Wednesday, December 30, 2009

Are You Prepared To Lose Weight?

Yep, it’s that time again! The New Year is upon us, and I would imagine many of you are making New Year’s resolutions. What’s on the agenda for 2010? In chatting with family, friends, acquaintances, losing weight and getting healthy are topping the list…again. It’s difficult to stick with resolutions, especially if you throw in the towel within a month. It typically takes about six weeks to make a behavior change that lasts, so the question is what will help you get through that time. So I ask, are you prepared to lose weight?

Weight loss is just like many other things in life – an action plan is needed, one that includes some accountability to keep things on track. I have some suggestions that might help get things started. Like we’ve discussed before, the keys are diet and exercise (with some goal setting thrown in for good measure).

First, the food. I know, the holidays are tough…big meals, more of them and throw in a little merriment and you’ve got a few extra pounds to deal with. “I’ll just wait until the new year.” Well, it’s time to put together a plan. Keep track of what goes in your mouth for about a week. Yes, that’s right, a food journal. Believe it or not, it really reveals what’s going right and what’s going not so right. People are less likely to overindulge or have that third piece of pie if they have to account for it (here’s that accountability). It also shows habits, when you tend to eat out, or stay home and cook. This brings me to the second part of the “food” category: create a weekly plan for food. By doing this, you can prepare snacks and meals ahead of time, as well as have a grocery list handy when you go to the store. Boil some eggs, chop fruit or veggies or even prepare full meals for easy use later. Again, having a written plan helps to guide the diet and reduce pitfalls.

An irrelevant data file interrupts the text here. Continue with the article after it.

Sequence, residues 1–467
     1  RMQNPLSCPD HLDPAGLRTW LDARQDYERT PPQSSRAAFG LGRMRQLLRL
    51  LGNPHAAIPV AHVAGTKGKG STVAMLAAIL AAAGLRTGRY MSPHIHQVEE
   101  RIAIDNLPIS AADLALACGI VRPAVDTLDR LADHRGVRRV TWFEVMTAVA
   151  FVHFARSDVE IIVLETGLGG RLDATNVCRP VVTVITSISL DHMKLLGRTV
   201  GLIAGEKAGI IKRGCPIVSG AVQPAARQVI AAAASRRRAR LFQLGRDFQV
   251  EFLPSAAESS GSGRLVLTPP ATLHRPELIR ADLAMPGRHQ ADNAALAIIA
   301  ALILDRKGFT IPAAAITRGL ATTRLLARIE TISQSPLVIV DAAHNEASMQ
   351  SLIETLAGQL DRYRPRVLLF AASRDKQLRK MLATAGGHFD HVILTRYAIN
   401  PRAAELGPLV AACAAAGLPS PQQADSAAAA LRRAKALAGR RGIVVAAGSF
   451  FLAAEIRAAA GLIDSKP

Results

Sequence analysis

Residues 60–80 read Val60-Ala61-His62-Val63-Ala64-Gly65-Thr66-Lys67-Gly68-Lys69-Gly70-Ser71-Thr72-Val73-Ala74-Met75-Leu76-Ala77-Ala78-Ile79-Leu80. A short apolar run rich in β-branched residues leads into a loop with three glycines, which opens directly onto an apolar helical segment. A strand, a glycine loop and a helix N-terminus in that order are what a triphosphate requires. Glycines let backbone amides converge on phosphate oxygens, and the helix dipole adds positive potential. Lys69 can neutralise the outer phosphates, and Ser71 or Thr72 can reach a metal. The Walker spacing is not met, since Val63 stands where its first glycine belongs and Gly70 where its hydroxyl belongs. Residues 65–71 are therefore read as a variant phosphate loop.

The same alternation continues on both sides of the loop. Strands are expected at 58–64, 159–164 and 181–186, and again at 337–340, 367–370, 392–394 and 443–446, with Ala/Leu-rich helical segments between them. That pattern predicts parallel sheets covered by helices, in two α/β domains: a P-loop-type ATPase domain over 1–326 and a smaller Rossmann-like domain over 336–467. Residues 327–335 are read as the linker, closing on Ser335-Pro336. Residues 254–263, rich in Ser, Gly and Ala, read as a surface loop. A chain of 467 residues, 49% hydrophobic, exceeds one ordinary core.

Next, the exercise. No new news here…having a plan will help. Get out your calendar (you can print a month at a time on Google or Outlook or whatever) and schedule your workouts. Schedule the time as if it’s a piano lesson, doctor’s appointment or client meeting. Again, accountability just like the rest of your appointments. If it’s in the calendar, the time is already blocked off. If you are feeling ambitious, try to schedule specific activities during those appointments. Meet a friend for a jog around the neighborhood. Attend a class at a gym. Alternate cardiovascular and weight training at the gym.

The answer is whatever works best for you to get and keep you motivated. Once you have established a pattern, you and your body are getting used to exercise and eating healthier. So, be prepared to lose that weight!

I hope you enjoy a happy and prosperous New Year!

Monday, November 23, 2009

It Doesn't Have To Be All or Nothing to Lose Weight

Recently, I was chatting with one of my friends and we were discussing how difficult it is to stay “healthy” and “be good” during the holidays. She thought she might just give up since she felt she wasn’t eating all that great anyway, and just start after the New Year. I think we all have had this attitude at some point about something, trying to do everything at once to achieve a goal. The thing that can be great about weight loss is that it’s a multi-faceted project, so you can attack it from several angles. Granted, it’s most effective when you are able use all the tools to achieve the goal the quickest, but that doesn’t mean you can’t try to address one part when your life gets too busy to handle it all.

Let’s take a quick look at some barriers to weight loss that the holiday season might emphasize and little things to do to help stay on track. First, there is the time issues – lots of events, gatherings, etc that are scheduled during your normal exercise times. Try to squeeze in a workout when you can, even if it’s just 30 minutes instead of your usual hour, or just a couple of days a week. If you can get your heart rate up for that time, you have most likely increased your metabolism slightly and it’s more than if you sat and watched television.